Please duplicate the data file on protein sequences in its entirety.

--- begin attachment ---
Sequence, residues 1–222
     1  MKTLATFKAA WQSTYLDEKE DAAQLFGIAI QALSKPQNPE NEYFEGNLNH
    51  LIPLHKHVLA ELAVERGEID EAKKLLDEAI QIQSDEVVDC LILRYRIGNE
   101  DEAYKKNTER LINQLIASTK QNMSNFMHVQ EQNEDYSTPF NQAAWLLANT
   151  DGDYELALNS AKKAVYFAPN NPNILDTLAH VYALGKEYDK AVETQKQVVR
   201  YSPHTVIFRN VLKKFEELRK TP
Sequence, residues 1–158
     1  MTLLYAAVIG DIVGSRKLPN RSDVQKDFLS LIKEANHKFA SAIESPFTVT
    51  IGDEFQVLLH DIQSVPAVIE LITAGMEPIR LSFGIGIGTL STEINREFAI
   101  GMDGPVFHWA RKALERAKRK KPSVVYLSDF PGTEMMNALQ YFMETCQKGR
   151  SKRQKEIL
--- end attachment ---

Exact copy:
Sequence, residues 1–222
     1  MKTLATFKAA WQSTYLDEKE DAAQLFGIAI QALSKPQNPE NEYFEGNLNH
    51  LIPLHKHVLA ELAVERGEID EAKKLLDEAI QIQSDEVVDC LILRYRIGNE
   101  DEAYKKNTER LINQLIASTK QNMSNFMHVQ EQNEDYSTPF NQAAWLLANT
   151  DGDYELALNS AKKAVYFAPN NPNILDTLAH VYALGKEYDK AVETQKQVVR
   201  YSPHTVIFRN VLKKFEELRK TP
Sequence, residues 1–158
     1  MTLLYAAVIG DIVGSRKLPN RSDVQKDFLS LIKEANHKFA SAIESPFTVT
    51  IGDEFQVLLH DIQSVPAVIE LITAGMEPIR LSFGIGIGTL STEINREFAI
   101  GMDGPVFHWA RKALERAKRK KPSVVYLSDF PGTEMMNALQ YFMETCQKGR
   151  SKRQKEIL